Thursday, July 23, 2015

Income for Coastal Communities for Mangrove Protection

MAP Asia Coordinator, Jim Enright, was invited to attend a regional inception workshop for the project entitled ‘Income for Coastal Communities for Mangrove Protection’ May 7-9 in Bangkok.   The objective of the project is to develop a low cost mechanism enabling investors to responsibly promote mangrove conservation, carbon emissions reduction and sustainable development through the provision of funding to local communities for livelihood diversification, resource enhancement and coastal protection.   The lack of sustainable funding to support mangrove restoration is the driver for this project which has taken several years of preparation and donor hunting. The workshop brought together 38 representatives from Government, UN agencies, NGOs, the private sector and academics.  Project activities will take place in Pakistan, Thailand and Viet Nam. 



The project is funded by the Swedish International Development Cooperation Agency (SIDA) through the International Union for Conservation of Nature (IUCN). It is implemented by the FAO Regional Office for Asia and the Pacific Office (FAO-RAP), within the framework of the Mangroves for the Future (MFF) initiative, with assistance from the USAID Lowering Emissions in Asia’s Forests (LEAF) Program and the UN-REDD Programme.

The objectives of the inception workshop were:
1. To formally launch the project
2. To collect expert and stakeholder feedback on proposed project activities and outputs
3. To use the collected feedback to inform project methodology, including a revised work plan

This initiative seeks to develop a mechanism enabling investors to responsibly promote mangrove
conservation/restoration, carbon emissions reduction and sustainable development through the provision of funding to local communities.  A key purpose of the mechanism is to facilitate flows of funding to smaller mangrove areas in support of environmental externalities where entry into voluntary and compliance markets for carbon is not economically feasible.  The mechanism will also provide an alternative income for fisher folk enabling reduction of fishing effort and regeneration of fish stocks.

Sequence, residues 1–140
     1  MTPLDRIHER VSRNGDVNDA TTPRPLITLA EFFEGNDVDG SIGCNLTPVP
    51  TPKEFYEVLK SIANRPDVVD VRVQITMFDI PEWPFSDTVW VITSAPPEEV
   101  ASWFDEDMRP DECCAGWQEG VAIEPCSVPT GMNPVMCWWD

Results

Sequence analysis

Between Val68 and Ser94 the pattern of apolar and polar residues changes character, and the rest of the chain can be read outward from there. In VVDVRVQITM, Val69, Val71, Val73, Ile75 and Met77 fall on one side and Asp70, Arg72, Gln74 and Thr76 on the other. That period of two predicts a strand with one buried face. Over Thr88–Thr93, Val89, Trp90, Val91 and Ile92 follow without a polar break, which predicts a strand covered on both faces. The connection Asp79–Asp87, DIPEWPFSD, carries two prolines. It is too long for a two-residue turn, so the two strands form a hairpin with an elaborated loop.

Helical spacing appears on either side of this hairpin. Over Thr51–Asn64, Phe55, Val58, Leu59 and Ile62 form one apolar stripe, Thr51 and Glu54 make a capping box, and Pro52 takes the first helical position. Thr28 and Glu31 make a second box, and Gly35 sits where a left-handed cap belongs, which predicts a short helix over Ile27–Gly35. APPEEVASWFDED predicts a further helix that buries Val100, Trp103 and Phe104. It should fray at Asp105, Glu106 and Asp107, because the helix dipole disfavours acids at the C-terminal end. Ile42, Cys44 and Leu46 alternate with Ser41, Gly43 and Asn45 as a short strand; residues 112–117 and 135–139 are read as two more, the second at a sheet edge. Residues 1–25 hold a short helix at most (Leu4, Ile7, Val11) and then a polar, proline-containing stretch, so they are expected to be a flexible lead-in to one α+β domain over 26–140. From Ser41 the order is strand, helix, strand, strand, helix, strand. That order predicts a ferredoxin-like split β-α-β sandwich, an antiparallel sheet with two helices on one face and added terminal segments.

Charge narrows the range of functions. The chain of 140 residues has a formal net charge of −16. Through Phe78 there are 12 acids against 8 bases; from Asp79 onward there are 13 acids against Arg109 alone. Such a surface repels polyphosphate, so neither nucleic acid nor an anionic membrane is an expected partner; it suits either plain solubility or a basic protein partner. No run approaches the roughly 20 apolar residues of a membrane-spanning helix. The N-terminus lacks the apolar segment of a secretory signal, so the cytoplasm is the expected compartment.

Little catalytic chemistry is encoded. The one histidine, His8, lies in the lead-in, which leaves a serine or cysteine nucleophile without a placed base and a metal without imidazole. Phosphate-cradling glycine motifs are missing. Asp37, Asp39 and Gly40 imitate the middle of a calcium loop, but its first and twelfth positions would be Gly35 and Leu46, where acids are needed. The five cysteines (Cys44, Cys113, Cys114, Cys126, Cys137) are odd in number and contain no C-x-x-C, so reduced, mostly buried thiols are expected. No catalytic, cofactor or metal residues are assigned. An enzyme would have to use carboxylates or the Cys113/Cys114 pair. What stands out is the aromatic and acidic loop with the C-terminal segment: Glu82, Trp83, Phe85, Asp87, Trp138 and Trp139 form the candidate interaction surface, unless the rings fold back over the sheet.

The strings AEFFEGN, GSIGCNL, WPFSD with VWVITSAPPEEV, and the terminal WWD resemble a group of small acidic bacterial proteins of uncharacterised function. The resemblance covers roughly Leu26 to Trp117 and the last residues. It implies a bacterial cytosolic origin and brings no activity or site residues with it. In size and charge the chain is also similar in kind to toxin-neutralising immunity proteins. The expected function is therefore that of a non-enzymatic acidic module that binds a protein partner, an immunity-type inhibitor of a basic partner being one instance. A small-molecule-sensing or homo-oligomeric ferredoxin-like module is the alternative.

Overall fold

Conservation/restoration of mangroves will also support sustainable fisheries management and support rebuilding of fish stocks.  The work thus aims to facilitate mangrove conservation/restoration, replenishment of fish stocks and livelihood development while providing public and corporate entities with an opportunity to invest in climate change mitigation and socio-economic development.

Following the workshop a half-day field trip was held to visit a mangrove restoration site at the Bang Kaew, Samut Songkram, in the Upper Gulf of Thailand which is suffering from extreme coastal erosion.   The Bang Kaew site represents an organized community afforestation effort to plant mangrove seedlings, behind a bamboo wave barrier, hoping to establish a future mangrove wind and wave defense for the community.

Developing a simple low-cost mangrove carbon stock assessment is one of the project goals and MAP Intern, Robbie Carrasco, spent a week along with villager from Klang Island assisting Jacob Bukoski of Yale’s School of Forestry and the Environment collect field data in mangrove in the Krabi River Estuary Ramsar site.  Field data is being collected in Thailand and Vietnam to test a multiple linear regression model he has developed to predict levels of biomass and carbon in mangrove ecosystems.  

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